On June 18, The Washington Post published a cable sent from the U.S. Embassy in Iraq that detailed the deteriorating conditions observed in Baghdad in recent months. Despite the clear significance of the document, the media have almost entirely ignored its publication.
On Page B1 of its June 18 edition, The Washington Post published a cable sent to Washington, D.C., from the U.S. Embassy in Iraq that detailed the deteriorating conditions, increased sectarian tensions and heightened dangers observed in Baghdad in recent months. The cable appeared to have been approved by Zalmay Khalilzad, the U.S. ambassador to Iraq, and was dated June 12*, five days after the killing of terrorist leader Abu Musab al-Zarqawi and one day before President Bush's surprise six-hour visit to the country, during which Bush touted the progress there. But despite the clear significance of the document -- and the contrast it presented with Bush's upbeat comments -- the media have almost entirely ignored its publication.
The June 12 cable, addressed to the U.S. secretary of state, focused on the firsthand experiences of the embassy's Iraqi employees and, as Post columnist Al Kamen wrote, outlined "the daily-worsening conditions for those who live outside the heavily guarded international zone: harassment, threats and the employees' constant fears that their neighbors will discover they work for the U.S. government." Indeed, the document painted a dire picture of daily life in Baghdad and elsewhere in the country, at one point citing an Iraqi newspaper editor's assertion that "ethnic cleansing ... is taking place in almost every Iraqi province." Following are several examples from Editor & Publisher's list of the other "troubling reports" included in the cable:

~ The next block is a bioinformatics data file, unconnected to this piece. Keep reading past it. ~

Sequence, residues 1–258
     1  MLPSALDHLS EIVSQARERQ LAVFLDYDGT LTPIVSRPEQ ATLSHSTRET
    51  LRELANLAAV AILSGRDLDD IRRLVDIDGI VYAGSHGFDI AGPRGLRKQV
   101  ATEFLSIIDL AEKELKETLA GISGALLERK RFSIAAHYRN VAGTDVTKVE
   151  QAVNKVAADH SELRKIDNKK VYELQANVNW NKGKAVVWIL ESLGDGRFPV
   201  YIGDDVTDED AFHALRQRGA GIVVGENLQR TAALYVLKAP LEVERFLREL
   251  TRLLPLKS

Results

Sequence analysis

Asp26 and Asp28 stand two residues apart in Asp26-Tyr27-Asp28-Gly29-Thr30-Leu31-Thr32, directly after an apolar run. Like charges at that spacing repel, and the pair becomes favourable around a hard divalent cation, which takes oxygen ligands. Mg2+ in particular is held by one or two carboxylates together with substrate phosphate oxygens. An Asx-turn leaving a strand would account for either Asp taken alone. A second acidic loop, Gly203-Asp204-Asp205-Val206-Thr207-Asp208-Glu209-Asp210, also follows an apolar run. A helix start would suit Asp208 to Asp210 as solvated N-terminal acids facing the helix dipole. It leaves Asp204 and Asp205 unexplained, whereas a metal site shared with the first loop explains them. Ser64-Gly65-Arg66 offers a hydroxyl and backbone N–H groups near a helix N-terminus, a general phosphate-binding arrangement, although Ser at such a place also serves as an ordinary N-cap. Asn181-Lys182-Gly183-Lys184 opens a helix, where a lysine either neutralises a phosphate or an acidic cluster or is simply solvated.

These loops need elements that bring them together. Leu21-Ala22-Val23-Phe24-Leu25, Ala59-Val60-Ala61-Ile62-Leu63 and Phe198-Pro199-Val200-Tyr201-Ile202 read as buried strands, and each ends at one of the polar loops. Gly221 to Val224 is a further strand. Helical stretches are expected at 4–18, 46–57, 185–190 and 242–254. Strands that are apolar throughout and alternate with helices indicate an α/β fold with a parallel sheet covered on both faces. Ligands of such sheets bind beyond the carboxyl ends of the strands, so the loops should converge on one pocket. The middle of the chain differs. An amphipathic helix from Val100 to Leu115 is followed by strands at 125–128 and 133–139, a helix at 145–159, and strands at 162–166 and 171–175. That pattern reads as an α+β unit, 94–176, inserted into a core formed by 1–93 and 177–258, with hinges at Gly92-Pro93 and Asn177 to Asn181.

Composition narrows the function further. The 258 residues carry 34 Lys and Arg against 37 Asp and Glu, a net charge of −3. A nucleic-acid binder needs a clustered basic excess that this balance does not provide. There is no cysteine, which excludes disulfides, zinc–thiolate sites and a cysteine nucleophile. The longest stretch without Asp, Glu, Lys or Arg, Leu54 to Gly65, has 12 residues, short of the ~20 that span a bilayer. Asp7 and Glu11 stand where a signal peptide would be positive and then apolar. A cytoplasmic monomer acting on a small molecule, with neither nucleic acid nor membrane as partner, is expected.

- One embassy employee had a brother-in-law kidnapped. Another received a death threat, and then fled the country with her family.
- Iraqi staff at the embassy, beginning in March and picking up in May, report "pervasive" harassment from Islamist and/or militia groups. Cuts in power and rising fuel prices "have diminished the quality of life." Conditions vary but even upscale neighborhoods "have visibly deteriorated" and one of them is now described as a "ghost town."
- Two of the three female Iraqis in the public affairs office reported stepped-up harassment since mid-May...."some groups are pushing women to cover even their face, a step not taken in Iran even at its most conservative." One of the women is now wearing a full abaya after receiving direct threats.
- Embassy employees are held in such low esteem their work must remain a secret and they live with constant fear that their cover will be blown. Of nine staffers, only four have told their families where they work. They all plan for their possible abductions. No one takes home their cell phones as this gives them away. One employee said criticism of the U.S. had grown so severe that most of her family believes the U.S. "is punishing populations as Saddam did."
- The overall environment is one of "frayed social networks," with frequent actual or perceived insults. None of this is helped by lack of electricity. "One colleague told us he feels 'defeated' by circumstances, citing his example of being unable to help his two-year-old son who has asthma and cannot sleep in stifling heat," which is now reaching 115 degrees.
- "Another employee tells us that life outside the Green Zone has become 'emotionally draining.' He lives in a mostly Shiite area and claims to attend a funeral 'every evening.'"
- Fuel lines have grown so long that one staffer spent 12 hours in line on his day off. "Employees all confirm that by the last week of May, they were getting one hour of power for every six hours without.